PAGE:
Sometimes yes, sometimes no. From about the age of 30 months on, physically aggressive behavior gradually decreases as children learn to regulate their feelings and understand one another’s point of view. With the aid of families and teachers, they steadily get better at using assertive and prosocial strategies to communicate their needs and achieve their goals. They are also increasingly able to delay gratification and increasingly intolerant of one another’s aggressive acts (Coie and Dodge, 1998). By the time they enter kindergarten, most children are relatively pacific (Tremblay, Masse, Pagani, and Vitaro, 1996b).
But for an estimated 3 to 15 percent of preschool-age children, aggressive and antisocial behavior continues well beyond the age of 3 (Vitaro, De Civita, and Pagani, 1995), and about half of these children (Campbell and Ewing, 1990) are starting down a road that will eventually lead to a delinquent adolescence and a criminal adulthood (Coie, 1996; Webster-Stratton, 1997). The longer a child continues to use aggressive behavior, the more worrisome its fallout becomes and the more difficult it is to change his direction. It is therefore important to intervene as early as possible (Slaby, Roedell, Arezzo, and Hendrix, 1995).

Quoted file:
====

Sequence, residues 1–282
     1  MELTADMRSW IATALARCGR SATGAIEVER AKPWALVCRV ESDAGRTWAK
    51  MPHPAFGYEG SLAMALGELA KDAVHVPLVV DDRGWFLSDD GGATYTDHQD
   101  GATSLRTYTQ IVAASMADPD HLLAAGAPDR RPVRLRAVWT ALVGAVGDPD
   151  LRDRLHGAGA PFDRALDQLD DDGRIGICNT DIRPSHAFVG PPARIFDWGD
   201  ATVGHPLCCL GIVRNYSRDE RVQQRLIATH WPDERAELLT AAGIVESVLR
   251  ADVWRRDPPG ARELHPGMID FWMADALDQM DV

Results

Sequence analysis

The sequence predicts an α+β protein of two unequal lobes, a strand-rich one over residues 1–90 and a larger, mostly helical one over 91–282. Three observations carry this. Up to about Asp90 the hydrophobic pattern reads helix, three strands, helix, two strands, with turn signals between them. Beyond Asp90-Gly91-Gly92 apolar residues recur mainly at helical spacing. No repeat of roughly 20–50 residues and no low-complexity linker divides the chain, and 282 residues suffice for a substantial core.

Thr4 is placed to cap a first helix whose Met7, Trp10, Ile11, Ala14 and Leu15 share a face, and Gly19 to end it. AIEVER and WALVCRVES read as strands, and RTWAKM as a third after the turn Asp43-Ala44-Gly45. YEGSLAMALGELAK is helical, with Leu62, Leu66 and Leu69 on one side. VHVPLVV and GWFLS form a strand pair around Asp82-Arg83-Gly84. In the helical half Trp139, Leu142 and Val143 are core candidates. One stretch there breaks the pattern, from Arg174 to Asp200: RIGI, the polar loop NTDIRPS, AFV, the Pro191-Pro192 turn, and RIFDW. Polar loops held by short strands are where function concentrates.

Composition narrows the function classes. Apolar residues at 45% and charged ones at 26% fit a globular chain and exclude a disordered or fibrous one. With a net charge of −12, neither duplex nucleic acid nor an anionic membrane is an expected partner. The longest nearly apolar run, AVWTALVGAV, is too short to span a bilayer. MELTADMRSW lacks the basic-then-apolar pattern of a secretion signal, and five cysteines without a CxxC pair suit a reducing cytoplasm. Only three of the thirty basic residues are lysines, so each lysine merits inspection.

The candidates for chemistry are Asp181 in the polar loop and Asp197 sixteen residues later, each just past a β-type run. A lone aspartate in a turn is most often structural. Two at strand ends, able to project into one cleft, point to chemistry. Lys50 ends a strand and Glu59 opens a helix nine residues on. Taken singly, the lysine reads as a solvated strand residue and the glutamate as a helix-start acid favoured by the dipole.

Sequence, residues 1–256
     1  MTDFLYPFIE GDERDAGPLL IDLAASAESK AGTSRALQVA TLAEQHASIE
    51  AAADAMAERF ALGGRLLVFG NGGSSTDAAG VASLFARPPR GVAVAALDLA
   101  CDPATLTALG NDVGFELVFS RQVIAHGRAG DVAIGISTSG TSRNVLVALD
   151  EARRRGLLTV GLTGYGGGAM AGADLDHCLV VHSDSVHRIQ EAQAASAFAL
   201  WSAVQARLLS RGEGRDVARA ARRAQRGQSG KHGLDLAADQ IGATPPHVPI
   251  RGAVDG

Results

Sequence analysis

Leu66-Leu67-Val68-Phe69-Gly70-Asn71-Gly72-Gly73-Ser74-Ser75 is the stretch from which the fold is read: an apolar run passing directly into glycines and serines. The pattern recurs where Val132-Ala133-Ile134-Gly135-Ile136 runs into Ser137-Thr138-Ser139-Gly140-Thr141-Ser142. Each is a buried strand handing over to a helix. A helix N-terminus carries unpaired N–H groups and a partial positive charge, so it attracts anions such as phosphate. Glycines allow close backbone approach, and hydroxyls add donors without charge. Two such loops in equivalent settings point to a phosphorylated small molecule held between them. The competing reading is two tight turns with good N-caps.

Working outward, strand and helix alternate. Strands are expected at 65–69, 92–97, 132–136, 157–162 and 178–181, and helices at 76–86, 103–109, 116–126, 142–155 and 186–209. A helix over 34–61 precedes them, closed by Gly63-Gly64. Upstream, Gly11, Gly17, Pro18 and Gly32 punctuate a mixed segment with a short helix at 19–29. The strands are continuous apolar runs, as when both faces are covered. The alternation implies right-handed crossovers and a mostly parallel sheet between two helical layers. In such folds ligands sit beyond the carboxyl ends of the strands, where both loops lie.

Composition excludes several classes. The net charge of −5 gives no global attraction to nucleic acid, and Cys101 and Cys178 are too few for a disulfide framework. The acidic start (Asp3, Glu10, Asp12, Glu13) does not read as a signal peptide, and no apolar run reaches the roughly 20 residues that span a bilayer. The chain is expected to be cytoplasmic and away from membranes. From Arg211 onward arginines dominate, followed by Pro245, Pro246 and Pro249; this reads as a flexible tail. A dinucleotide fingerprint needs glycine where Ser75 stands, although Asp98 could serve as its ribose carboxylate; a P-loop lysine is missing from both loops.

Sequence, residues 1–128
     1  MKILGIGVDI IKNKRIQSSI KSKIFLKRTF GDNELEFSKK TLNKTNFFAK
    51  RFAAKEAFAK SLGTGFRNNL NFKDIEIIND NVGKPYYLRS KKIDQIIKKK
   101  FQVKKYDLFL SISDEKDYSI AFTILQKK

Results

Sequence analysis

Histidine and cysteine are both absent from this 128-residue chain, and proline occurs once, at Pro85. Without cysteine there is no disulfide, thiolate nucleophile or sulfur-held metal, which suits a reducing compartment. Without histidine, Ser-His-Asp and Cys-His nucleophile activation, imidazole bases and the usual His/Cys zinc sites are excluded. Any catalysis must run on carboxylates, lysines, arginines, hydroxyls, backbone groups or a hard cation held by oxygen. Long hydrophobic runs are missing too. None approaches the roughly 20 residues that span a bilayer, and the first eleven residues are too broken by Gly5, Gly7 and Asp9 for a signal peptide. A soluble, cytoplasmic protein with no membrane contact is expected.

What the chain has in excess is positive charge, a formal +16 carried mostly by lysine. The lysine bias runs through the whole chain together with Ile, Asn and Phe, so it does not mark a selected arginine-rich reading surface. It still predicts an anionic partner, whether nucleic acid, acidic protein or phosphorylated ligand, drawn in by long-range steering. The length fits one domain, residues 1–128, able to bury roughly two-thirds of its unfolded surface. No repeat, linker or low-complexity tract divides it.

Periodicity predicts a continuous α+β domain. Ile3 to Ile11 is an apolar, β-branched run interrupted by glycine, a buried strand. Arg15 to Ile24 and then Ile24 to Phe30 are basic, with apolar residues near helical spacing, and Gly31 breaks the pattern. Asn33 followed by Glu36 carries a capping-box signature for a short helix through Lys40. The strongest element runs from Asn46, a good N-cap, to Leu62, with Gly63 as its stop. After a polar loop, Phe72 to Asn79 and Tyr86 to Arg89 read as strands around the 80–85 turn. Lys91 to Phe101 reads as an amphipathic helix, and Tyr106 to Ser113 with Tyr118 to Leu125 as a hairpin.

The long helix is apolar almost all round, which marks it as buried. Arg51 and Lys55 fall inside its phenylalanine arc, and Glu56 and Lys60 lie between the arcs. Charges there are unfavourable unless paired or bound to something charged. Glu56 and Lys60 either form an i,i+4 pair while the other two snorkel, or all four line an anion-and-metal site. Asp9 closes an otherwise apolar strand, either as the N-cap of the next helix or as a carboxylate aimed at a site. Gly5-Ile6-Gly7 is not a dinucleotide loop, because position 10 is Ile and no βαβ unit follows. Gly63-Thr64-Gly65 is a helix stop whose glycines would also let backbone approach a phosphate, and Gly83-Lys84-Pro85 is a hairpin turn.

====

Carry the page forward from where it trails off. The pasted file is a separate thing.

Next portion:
Children with behavior problems often find themselves rejected by their peers—disliked, ridiculed, not invited to birthday parties or to other children’s homes to play. These experiences wound their self-esteem and self-confidence, leave them isolated and depressed, and deprive them of opportunities to develop and practice the social skills they desperately need. Instead they learn to expect rejection and may even discover that the best defense is a strong offense and strike out preemptively to protect themselves (Moffitt, 1997). Once rejected by a group, a child will probably continue to be rejected and will have an equally hard time joining a new group (Campbell, 1990).